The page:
Rates Held at 5.25% as Bank of England Remains Mr Cautious

Following a meeting of the Monetary Policy Committee yesterday, the Bank keeps rates where they are, in line with market expectations

Ollie Smith 21 March, 2024 | 12:05AM
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In a move widely anticipated by markets, the Bank of England's Monetary Policy Committee has voted by a majority of eight to one to hold interest rates at 5.25%.

Despite data earlier this week showing the UK's consumer price index (CPI) was falling in February, the Bank still opted to hold rates, arguing that risks in the economy remained.

"Headline CPI inflation has continued to fall back relatively sharply in part owing to base effects and external effects from energy and goods prices," the Bank said today.

"The restrictive stance of monetary policy is weighing on activity in the real economy, is leading to a looser labour market and is bearing down on inflationary pressures. Nonetheless, key indicators of inflation persistence remain elevated.

"Monetary policy will need to remain restrictive for sufficiently long to return inflation to the 2% target sustainably in the medium term in line with the MPC’s remit. The Committee has judged since last autumn that monetary policy needs to be restrictive for an extended period of time until the risk of inflation becoming embedded above the 2% target dissipates." 

What do The Experts Say About a Rate Hold?

Michael Field, European market strategist, Morningstar:

"Today’s announcement [...] was well anticipated. What investors were hoping for, however, was the Bank might take a leaf out of the Federal Reserve's playbook, with the Fed only yesterday indicating it will cut rates by 0.75% this year, while allowing inflation to run slightly.

"The Bank has made no such promises, but interest rates in the UK sit at 5.25%, the highest level among developed countries. This gives the Bank significant room for maneuver when it comes to cuts this year. Voting patterns amongst the committee are slowly shifting in the direction of cuts, also. Last time around, two of the nine members of the MPC voted to increase rates, this time none did.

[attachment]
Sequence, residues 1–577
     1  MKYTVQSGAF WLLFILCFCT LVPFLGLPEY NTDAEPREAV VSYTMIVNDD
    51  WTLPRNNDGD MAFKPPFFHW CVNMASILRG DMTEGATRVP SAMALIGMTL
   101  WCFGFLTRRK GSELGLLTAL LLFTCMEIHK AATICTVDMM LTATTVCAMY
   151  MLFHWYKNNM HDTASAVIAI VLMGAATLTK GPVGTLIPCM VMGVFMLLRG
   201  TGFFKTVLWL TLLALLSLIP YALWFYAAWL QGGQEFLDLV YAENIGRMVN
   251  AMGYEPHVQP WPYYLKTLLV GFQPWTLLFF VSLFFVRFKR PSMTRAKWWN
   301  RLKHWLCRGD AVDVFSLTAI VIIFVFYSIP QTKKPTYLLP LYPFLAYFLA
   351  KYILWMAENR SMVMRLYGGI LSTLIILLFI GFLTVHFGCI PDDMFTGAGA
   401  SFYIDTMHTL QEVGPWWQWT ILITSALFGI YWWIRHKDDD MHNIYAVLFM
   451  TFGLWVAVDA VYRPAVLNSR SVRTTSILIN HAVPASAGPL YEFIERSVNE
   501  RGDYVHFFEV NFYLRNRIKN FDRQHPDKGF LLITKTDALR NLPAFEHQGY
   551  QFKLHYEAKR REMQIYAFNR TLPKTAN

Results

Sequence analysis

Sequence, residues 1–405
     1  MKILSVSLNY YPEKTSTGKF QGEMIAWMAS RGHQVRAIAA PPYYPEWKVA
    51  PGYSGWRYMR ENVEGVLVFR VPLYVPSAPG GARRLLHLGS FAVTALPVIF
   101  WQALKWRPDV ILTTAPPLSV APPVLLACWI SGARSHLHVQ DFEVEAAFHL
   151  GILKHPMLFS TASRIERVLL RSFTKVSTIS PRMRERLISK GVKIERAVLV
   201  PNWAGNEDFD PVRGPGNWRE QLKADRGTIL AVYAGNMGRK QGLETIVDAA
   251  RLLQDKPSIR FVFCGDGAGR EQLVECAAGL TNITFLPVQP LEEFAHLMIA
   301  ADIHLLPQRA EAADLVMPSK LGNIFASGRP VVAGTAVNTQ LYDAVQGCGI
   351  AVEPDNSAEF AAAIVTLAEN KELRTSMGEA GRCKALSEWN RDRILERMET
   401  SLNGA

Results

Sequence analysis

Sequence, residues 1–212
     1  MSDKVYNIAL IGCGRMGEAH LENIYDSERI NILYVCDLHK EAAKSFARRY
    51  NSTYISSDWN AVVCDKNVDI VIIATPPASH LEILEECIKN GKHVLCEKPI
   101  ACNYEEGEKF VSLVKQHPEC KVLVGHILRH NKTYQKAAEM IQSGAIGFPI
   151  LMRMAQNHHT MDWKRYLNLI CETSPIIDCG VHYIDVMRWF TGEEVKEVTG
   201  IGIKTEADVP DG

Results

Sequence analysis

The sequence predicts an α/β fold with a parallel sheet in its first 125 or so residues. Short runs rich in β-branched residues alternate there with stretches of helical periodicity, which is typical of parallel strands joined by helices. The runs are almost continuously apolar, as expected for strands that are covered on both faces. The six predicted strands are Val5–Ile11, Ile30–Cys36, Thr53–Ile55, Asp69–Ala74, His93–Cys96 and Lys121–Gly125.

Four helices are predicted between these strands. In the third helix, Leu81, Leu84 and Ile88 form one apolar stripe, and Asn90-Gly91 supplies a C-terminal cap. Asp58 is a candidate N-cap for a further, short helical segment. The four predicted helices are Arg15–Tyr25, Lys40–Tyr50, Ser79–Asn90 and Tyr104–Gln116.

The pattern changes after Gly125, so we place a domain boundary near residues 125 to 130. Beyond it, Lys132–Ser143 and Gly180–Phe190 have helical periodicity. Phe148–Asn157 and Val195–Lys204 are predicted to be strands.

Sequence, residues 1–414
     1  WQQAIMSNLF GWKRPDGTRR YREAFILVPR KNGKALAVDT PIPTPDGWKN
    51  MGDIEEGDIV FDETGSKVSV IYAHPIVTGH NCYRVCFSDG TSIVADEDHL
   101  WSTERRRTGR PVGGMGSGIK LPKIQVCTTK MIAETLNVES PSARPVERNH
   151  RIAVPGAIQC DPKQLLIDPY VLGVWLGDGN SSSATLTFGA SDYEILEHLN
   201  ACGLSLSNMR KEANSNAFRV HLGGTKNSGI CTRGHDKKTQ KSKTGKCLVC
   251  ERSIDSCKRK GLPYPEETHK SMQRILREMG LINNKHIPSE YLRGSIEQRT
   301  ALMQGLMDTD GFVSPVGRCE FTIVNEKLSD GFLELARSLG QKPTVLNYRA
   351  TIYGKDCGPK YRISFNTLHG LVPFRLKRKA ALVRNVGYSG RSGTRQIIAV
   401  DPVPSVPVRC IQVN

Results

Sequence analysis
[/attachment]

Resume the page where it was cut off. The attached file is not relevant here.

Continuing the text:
"Inflation in the UK at 3.4% remains materially above the Bank's targeted 2% level, but it's the trajectory of inflation that is most important, and this should give the Bank some comfort. Whether the first interest rate cut comes in June, as largely anticipated for the Fed and the ECB, or later in the third quarter, remains to be seen."

Henk Potts, Market Strategist at Barclays Private Bank

"The Bank of England [was] expected to keep rates at 5.25% for a fifth consecutive meeting on Thursday and maintain the current cautious guidance.

"However, recent data and economic projections have supported the case for interest rate cuts. Inflation has moderated and labour markets are finally starting to ease. Headline CPI is expected to fall below the central bank's 2% target level later in the year, with unemployment climbing to 4.5% in the final quarter.

"The MPC is likely to be laser-focused on the incoming inflation prints, labour market reports and growth figures for the first quarter. These could pave the way for a pivot to an easing stance by the May meeting, with the first 25bp rate cut pencilled in for June. With more to follow, we anticipate that the Bank Rate will finish the year at 4%."

Lily Megson, policy directo, My Pension Expert

"Yet another hold in the base rate may feel bittersweet for Britons. On the one hand, remaining quite so high is symptomatic of the plague that rampant inflation has inflicted upon people's finances. On the other, with rates likely to have reached their peak ahead of a steady decline in coming months, savvy savers might take their last chance to capitalise by investing in fixed-term products like annuities or bonds.
"However, it’s important that consumers don’t make any rash decisions. This rollercoaster of ups and downs tells us one thing: the current financial landscape is nothing short of nightmarish to navigate. It's important Britons weigh up their options and their individual circumstances when selecting products that can pave the way for a brighter financial future – which ultimately means the government taking action in ensuring access to better financial education, independent financial advice and guidance for all."